2 0.5–0.8 0.63 0.37–1.09 0.46 0.24–0.87
3 0.8–3.4 0.33 0.20–0.55 0.25 0.13–0.47
DHA 1 0–2.9 1.00 Ref 0.09 1.00 Ref 0.37
2 2.9–3.9 0.51 0.31–0.83 0.59 0.33–1.07
3 3.9–7.3 0.64 0.38–1.07 0.76 0.41–1.39
EPAþDHA 1 0–3.5 1.00 Ref 0.002 1.00 Ref 0.03
2 3.5–4.6 0.53 0.32–0.89 0.60 0.33–1.10
3 4.6–9.3 0.44 0.27–0.74 0.52 0.29–0.94
* Model 1, OR estimated using logistic regression adjusted for age and sex; AMD patients, n¼290; controls, n¼144.
† Model 2, OR estimated using logistic regression adjusted for age, sex, CFH Y402H,ARMS2 A69S, and ApoE4 polymorphisms, plasma
triglycerides, hypertension, hypercholesterolemia and family history of AMD; AMD patients, n¼290; controls, n¼144.
TABLE 4. Associations of Dietary Intake of Seafood With Neovascular AMD
of Seafood Tertile Range, g/d
Model 1* Model 2†
OR 95% CI Pfor Trend OR 95% CI Pfor Trend
Total fish 1 0–12.8 1.00 Ref 0.04 1.00 Ref 0.21
2 12.8–23.0 0.63 0.38–1.05 0.55 0.30–1.00
3 23.0–139.0 0.57 0.34–0.97 0.69 0.37–1.29
Oily fish 1 0–5.4 1.00 Ref 0.13 1.00 Ref 0.56
2 5.4–12.0 0.85 0.52–1.39 0.99 0.55–1.80
3 12.0–100.0 0.67 0.40–1.12 0.82 0.44–1.53
White fish 1 0–9.0 1.00 Ref 0.34 1.00 Ref 0.17
2 9.0–14.0 1.00 0.60–1.67 1.25 0.68–2.29
3 14.0–69.0 0.79 0.47–1.29 0.63 0.34–1.15
Other seafood 1 0–2.6 1.00 Ref 0.10 1.00 Ref 0.64
2 2.6–7.0 0.60 0.36–1.01 0.59 0.32–1.11
3 7.0–62.9 0.71 0.42–1.20 0.98 0.52–1.86
Total seafood 1 0–15.7 1.00 Ref 0.05 1.00 Ref 0.22
2 15.7–26.0 0.60 0.36–1.01 0.50 0.27–0.92
3 26.0–155.4 0.59 0.35–0.99 0.68 0.36–1.28
* Model 1, OR estimated using logistic regression adjusted for age and sex; AMD patients, n¼284; controls, n¼139.
† Model 2, OR estimated using logistic regression adjusted for age, sex, CFH Y402H,ARMS2 A69S, and ApoE4 polymorphisms, plasma
triglycerides, hypertension, hypercholesterolemia, and family history of AMD; AMD patients, n¼284; controls, n¼139.
Circulating Omega-3 Fatty Acids and AMD IOVS jMarch 2014 jVol. 55 jNo. 3 j2016
Moreover, in the NAT2 study, the 3-year
incidence of CNV was reduced signiﬁcantly (hazard ratio [HR],
0.32; 95% conﬁdence interval [CI], 0.10–0.99; P¼0.047) in
patients achieving the highest RBCM EPAþDHA (omega-3 index
>8) over 3 years.
From these combined results, it seems to
be relevant to analyze n-3 RBCM EPAþDHA status in AMD.
Biological status of n-3 PUFAs could help identify those
subjects at risk for AMD, and RBCM n-3 PUFAs appear more
relevant as a biomarker of AMD.
Strength of our study was the combined use of biological
data, mainly EPAþDHA RBCM measurements with dietary
assessment of n-3 PUFA status, in the same groups of
individuals affected or not with AMD. Indeed, from differences
in well-established risk factors (age, medical history, CFH,
ARMS2, and APOE polymorphisms) found with a group of
normal vision/normal fundus individuals, the AMD group
seemed as typical of a population of patients with exudative
AMD. Although apparently paradoxical, that triglycerides were
found signiﬁcantly lower in AMD patients despite them being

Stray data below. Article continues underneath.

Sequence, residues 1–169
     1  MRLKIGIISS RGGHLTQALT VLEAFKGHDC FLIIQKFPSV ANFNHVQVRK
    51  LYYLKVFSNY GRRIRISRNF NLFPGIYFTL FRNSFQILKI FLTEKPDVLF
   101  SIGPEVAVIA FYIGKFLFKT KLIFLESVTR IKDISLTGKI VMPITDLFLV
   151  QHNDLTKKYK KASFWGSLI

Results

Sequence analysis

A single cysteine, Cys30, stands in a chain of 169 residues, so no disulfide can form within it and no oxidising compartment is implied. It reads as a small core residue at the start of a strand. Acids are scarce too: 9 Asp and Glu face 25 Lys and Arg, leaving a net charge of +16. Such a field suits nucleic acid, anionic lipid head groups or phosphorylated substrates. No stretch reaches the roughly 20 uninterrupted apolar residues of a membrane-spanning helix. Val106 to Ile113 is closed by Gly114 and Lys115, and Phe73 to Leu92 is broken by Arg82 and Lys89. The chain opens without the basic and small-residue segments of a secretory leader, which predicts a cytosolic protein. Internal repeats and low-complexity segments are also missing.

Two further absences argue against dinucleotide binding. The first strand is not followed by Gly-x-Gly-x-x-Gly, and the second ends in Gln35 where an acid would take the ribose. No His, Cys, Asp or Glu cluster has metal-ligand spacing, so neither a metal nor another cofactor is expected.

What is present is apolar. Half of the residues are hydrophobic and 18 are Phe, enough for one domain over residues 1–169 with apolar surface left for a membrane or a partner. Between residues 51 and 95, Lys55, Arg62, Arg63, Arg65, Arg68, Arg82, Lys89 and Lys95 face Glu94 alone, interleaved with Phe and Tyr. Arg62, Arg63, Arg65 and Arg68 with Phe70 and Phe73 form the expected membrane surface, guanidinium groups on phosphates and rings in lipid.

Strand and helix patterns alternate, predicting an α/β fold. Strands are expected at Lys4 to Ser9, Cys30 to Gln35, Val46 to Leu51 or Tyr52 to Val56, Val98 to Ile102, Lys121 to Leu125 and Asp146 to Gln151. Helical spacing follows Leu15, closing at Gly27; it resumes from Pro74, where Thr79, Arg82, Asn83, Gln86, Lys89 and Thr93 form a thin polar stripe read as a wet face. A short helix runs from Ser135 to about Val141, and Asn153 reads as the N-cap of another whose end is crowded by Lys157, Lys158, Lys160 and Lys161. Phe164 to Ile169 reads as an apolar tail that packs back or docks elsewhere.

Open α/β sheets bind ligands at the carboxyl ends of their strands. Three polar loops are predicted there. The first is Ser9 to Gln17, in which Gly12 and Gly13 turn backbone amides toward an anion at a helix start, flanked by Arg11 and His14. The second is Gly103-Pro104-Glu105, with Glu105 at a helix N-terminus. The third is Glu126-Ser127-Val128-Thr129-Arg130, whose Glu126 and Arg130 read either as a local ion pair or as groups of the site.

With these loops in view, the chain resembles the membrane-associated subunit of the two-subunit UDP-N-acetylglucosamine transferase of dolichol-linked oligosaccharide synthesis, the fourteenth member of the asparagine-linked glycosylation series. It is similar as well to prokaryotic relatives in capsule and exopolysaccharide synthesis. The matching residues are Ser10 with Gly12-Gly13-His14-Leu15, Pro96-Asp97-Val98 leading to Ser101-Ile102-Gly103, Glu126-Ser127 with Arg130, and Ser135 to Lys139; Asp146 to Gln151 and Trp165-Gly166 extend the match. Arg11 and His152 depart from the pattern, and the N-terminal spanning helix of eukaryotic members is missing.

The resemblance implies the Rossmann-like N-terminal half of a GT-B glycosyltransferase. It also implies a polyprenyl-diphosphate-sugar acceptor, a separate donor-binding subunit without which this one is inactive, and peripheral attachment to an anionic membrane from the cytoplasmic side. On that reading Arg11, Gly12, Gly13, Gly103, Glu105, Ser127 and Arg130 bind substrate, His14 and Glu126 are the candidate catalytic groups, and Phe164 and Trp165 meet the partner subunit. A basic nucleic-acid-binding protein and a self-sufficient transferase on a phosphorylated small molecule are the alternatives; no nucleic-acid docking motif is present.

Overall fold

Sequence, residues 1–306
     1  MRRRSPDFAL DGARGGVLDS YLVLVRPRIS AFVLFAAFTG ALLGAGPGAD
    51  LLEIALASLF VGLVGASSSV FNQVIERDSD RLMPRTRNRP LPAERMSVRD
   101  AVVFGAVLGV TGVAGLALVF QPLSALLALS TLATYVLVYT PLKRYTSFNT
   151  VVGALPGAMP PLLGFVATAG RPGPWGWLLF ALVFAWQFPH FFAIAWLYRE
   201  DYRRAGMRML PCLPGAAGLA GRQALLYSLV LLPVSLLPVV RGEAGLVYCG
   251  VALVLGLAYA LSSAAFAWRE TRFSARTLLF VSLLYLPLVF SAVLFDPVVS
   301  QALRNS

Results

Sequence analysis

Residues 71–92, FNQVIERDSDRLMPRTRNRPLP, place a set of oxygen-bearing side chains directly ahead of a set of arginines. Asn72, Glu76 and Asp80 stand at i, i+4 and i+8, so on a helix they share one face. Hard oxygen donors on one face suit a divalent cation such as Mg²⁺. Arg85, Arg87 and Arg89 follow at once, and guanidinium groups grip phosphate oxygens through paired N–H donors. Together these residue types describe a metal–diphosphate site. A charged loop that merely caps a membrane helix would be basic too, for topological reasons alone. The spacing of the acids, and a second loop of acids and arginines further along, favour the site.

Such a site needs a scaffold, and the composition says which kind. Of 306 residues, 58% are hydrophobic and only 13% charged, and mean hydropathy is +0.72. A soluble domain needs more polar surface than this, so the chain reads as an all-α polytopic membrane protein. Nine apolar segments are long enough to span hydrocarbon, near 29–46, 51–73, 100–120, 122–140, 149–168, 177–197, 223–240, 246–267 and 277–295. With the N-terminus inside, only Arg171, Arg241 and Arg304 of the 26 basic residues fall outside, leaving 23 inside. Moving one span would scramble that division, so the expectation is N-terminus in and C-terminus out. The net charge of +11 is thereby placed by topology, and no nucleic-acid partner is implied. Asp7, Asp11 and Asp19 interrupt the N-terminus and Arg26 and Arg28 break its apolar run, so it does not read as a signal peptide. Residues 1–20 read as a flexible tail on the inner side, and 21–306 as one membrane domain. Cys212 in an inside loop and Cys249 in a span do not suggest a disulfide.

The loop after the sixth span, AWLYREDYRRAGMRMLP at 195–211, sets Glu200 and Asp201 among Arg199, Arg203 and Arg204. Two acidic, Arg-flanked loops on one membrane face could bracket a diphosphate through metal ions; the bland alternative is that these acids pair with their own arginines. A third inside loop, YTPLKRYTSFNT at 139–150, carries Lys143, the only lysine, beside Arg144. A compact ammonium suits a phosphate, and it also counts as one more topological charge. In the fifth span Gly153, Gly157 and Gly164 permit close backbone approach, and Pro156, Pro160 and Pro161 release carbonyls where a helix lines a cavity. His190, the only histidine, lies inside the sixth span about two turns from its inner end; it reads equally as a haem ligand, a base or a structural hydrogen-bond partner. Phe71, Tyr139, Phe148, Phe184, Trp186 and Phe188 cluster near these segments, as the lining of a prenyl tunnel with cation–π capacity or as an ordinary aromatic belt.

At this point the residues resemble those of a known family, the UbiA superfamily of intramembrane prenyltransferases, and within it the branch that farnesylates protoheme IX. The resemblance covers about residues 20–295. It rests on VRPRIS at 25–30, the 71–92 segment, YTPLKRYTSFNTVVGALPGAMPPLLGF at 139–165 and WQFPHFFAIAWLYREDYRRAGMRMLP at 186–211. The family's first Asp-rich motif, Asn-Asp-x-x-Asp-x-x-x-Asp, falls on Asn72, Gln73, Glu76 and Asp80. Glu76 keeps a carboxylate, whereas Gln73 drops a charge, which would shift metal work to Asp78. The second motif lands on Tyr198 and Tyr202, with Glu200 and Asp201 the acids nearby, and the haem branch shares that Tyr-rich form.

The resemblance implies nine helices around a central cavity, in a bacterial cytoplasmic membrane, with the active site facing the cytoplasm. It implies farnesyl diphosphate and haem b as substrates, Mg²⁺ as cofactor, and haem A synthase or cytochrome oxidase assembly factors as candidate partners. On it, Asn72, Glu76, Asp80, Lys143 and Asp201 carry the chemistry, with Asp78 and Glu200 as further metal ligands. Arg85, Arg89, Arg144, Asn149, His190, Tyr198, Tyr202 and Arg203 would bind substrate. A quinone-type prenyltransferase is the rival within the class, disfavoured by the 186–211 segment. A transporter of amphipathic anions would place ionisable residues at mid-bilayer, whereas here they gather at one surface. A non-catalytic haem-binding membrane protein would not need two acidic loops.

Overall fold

more numerous with dyslipidemia, may be somewhat expect-
ed since the whole population had plasma triglyceride
concentrations within the normal range, including AMD
patients regularly taking lipid-lowering medications. Finally,
the omega-3 index (EPAþDHA index) measured in RBCM is a
very good biomarker of n-3 PUFAs status in humans and
recognized as a risk factor in cardiovascular diseases.
future, it may prove useful in the clinical setting, for the
identiﬁcation of AMD patients deﬁcient in n-3 LC-PUFAs, which
may beneﬁt the most from nutritional intervention.
Selection of controls always is a concern in case-control
studies, selection bias being difﬁcult to avoid.
In the present
study, controls were selected from the general population, in
the same geographic area as cases. They were not aware of the
speciﬁc objectives of the study, before the interview and blood
sample. When we compared cases and controls, they were not
different for sex, smoking, BMI, diabetes, and plasma
cholesterol. However, cases were older than controls. Also,
hypercholesterolemia and hypertension were more frequent in
cases, which is partially consistent with previous studies.
Our two groups also were comparable for dietary intakes. To
limit the potential bias due to differences in age, hypertension,
or hypercholesterolemia, we used multivariate modeling.
However, despite that we adjusted our analyses for these
potential confounders, as well as major AMD-related genes, we
cannot exclude residual confounding as in all epidemiologic
Also, as our study focused on neovascular AMD cases only,
our results can be generalized only to this type of AMD.
In conclusion, from the present report, elderly individuals
with high RBCM levels of EPAþDHA, a long-term marker of
intracellular LC-PUFAs, have a strongly reduced risk for
neovascular AMD. This suggests the RBCM EPAþDHA index
to be considered as added to the list of clinically relevant
biomarkers of AMD.
The authors thank all physicians, nurses, and patients from Creteil
University Eye Clinic; all biologists, in particular Claude Wolf, for
scientiﬁc advice and support, all laboratory technicians, particu-
larly Dominique Farabos, Myriam Mahe, and Dominique Labaud,
for excellent technical assistance, from Biochimie B Laboratory
from Saint Antoine Hospital.
Supported by Laboratoire Bausch & Lomb, Clinical Research,